Well, no. Millions of people– and not just air travelers– were affected by that giant cloud of volcanic ash that cancelled flights into and out of Europe last week, including flower salesmen in Kenya, potential organ transplant recipients in Germany, and injured U.S. troops in Iraq and Afghanistan.
But some are now declaring that there’s a silver lining to the Great Smoke Monster Uprising of 2010. Keith Sawyer, a psychology professor at Washington University in St. Louis, says that gridlock at the airport might actually be good for travelers because it will help them rediscover their inherent “creativity.” From the article:
Like it or not, stranded travelers around the globe are suddenly finding themselves with a lot of unscheduled time on their hands, and idle time is a key ingredient to becoming more creative in your personal and professional lives, says Sawyer.
As Russ Roberts points out, the only explanation for Sawyer’s odd hypothesis is that the man has never had his flight canceled or delayed.
Sawyer is not alone in trying to decipher a minuscule, probably illusory bright spot in a sea of horribleness. The Pittsburgh Post-Gazette thinks it will be a boon for the upcoming Pittsburgh Marathon. (Woo-hoo!) Elsewhere, investment bankers may stand to profit. (Double woo-hoo!) And FedEx also sees a possible silver lining in the mess.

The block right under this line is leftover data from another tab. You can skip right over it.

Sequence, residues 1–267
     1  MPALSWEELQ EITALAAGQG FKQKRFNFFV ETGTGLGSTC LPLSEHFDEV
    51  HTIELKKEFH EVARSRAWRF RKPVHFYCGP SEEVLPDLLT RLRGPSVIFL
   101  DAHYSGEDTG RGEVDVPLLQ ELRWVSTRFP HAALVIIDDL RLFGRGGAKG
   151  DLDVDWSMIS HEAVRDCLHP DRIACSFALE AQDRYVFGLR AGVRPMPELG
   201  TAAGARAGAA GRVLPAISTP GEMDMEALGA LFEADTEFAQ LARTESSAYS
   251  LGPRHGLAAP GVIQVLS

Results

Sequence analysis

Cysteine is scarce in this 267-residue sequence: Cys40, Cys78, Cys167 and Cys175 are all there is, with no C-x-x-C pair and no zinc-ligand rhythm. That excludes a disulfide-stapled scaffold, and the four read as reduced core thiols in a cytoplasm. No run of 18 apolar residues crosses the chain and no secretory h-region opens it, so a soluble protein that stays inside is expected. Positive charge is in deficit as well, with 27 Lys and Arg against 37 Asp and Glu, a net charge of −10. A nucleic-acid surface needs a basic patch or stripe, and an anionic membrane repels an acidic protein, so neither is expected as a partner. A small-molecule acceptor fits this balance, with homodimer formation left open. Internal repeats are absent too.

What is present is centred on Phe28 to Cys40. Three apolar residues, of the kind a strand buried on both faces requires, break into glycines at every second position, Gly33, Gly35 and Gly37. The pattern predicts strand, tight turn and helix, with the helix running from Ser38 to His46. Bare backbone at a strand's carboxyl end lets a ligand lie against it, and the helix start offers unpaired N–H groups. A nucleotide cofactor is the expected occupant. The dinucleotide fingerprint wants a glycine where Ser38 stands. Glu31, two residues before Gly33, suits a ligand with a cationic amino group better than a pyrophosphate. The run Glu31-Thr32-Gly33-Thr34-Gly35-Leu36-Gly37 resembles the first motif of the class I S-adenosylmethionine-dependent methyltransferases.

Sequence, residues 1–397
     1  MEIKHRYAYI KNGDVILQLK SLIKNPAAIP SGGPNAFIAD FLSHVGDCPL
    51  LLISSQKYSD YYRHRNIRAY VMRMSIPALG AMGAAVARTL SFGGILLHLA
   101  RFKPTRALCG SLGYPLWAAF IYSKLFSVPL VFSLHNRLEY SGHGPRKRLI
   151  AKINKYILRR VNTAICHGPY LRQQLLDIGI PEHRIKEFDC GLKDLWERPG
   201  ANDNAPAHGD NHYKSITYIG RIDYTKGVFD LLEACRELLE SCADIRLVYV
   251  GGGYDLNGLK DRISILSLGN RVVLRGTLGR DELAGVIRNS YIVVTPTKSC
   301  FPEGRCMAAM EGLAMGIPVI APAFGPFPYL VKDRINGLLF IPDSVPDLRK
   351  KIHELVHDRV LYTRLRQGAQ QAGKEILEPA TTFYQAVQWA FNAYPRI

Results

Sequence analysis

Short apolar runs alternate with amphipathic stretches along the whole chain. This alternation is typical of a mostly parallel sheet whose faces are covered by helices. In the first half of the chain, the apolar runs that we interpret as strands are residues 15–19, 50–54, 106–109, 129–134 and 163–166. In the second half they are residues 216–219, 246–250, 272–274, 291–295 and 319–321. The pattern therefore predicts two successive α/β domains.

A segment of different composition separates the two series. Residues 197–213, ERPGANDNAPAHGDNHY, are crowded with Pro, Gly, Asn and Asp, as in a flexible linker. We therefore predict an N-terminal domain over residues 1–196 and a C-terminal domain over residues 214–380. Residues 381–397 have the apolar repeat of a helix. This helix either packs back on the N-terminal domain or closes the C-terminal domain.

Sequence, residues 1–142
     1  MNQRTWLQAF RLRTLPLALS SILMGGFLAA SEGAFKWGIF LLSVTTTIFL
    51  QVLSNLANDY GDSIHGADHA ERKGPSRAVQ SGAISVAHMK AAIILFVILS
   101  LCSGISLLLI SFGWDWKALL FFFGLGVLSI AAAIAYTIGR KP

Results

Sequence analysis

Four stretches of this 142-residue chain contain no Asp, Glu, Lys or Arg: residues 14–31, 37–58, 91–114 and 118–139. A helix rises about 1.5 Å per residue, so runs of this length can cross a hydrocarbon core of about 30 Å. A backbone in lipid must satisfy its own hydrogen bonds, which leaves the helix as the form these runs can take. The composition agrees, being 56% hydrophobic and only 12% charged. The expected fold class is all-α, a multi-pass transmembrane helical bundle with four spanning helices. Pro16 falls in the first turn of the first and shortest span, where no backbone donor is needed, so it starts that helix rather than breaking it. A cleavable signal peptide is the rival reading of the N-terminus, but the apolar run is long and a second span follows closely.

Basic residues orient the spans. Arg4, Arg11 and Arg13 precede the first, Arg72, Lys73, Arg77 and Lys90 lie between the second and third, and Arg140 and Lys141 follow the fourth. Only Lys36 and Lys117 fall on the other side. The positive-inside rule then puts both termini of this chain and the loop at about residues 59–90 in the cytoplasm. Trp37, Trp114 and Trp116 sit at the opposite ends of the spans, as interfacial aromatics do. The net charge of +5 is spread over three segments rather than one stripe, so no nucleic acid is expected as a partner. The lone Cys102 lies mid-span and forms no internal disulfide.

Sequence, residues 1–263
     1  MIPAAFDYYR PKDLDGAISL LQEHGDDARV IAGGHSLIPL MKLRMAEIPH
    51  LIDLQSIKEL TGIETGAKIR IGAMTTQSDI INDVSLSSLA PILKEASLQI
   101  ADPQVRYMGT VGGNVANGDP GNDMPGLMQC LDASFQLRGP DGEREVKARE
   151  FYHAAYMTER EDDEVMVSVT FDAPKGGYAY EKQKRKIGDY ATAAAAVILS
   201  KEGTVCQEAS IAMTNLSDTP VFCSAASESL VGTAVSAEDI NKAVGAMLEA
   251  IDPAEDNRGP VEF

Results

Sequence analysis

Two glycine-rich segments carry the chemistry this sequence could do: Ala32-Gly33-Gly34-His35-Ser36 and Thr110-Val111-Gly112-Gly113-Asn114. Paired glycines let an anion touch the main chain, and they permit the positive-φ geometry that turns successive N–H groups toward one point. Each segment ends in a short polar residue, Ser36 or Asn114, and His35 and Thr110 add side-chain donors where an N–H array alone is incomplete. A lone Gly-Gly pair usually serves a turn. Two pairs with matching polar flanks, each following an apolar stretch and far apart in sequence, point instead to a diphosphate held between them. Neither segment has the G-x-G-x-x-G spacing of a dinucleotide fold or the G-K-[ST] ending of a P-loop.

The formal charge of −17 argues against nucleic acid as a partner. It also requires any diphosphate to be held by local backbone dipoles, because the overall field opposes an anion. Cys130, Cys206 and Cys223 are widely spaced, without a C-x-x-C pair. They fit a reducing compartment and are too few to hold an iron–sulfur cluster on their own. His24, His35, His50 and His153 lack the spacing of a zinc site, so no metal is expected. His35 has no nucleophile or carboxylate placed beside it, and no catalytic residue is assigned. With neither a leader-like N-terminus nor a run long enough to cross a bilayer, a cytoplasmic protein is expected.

While I admire the optimism, can’t we all just agree that the interruption of air travel into and out of Europe for almost a week was a completely awful thing? No silver lining. No “but on the other hand…” Thousands of people lost loads of money, many others were inconvenienced beyond belief, still others didn’t receive the medicines (or organs!) they needed. It is a little like pointing out that 9/11 was terrible but at least it “brought the country together.” No, it was terrible, period. So was last week.
For a more thoughtful consideration of the implications of the recent air travel disruption, check out Eric Weiner’s piece over at World Hum “Seven Lessons from the Great Volcano Shutdown of 2010.”